NCR announced that its planned spinoff of its ATM business is weeks away.
The technology services company said its board approved the timing of the separation of NCR Atleos, its ATM-focused company, from NCR Voyix, its online commerce company, according to a Friday (Sept. 22) press release.
“The distribution is expected to be made at 5 p.m. local New York City time on Oct. 16, 2023, to the company’s common stockholders of record as of 5 p.m. local New York City time on Oct. 2, 2023, the record date for the distribution,” the release said.
The goal is to unlock value by separating the two businesses, NCR Board of Directors Executive Chairman Frank R. Martire said when the announcement was first made in September 2022.
“By creating two best-in-class independent companies, we should be able to accelerate the pace of transformation by enabling each to execute its own growth strategies and better capture the value-creation opportunities ahead,” Martire said at the time.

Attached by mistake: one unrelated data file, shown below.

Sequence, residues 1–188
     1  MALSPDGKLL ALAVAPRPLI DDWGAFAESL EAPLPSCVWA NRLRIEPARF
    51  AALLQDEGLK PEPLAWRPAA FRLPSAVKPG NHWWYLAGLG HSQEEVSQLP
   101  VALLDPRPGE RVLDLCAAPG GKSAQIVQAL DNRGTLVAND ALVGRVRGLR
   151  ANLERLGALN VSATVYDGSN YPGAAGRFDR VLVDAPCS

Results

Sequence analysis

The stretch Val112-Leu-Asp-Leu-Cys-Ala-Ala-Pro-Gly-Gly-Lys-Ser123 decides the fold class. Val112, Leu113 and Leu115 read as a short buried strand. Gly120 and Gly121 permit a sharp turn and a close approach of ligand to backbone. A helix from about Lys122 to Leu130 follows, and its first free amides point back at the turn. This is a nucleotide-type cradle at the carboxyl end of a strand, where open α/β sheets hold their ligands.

CEO Michael D. Hayford said in the Friday release that the separation is a “proud moment in the company’s 139-year history of innovation. Through that same vibrant tradition and culture, Voyix and Atleos stand poised to build on the company’s legacy as value-creators for stockholders and top attractors for talent and growth.”
Last month, NCR reported second-quarter revenue of nearly $2 billion, a 1% year-over-year decline. Hardware sales dipped, while the impact of the strong U.S. dollar compared to the previous year had an unfavorable effect of $18 million on revenue, especially in the retail and self-service banking segments.
The company generated $154 million of free cash flow in the second quarter, which exceeded its goal of generating at least $500 million of free cash flow over the past three quarters, a goal Hayford said would enable the firm “to decrease financial leverage in preparation for the separation transaction.”
PYMNTS noted earlier this year that the number of ATMs in the U.S. fell to 451,500 in 2022 after reaching its highest level of 470,000 in 2019.
Despite their declining numbers, the machines remain in use. Workers who receive tips, for example, like to use ATMs to get that cash into their accounts.
Other ATMs are taking on new jobs, being outfitted with remote videoconferencing capabilities that allow customers to talk with a teller — without the bank having to maintain a physical branch.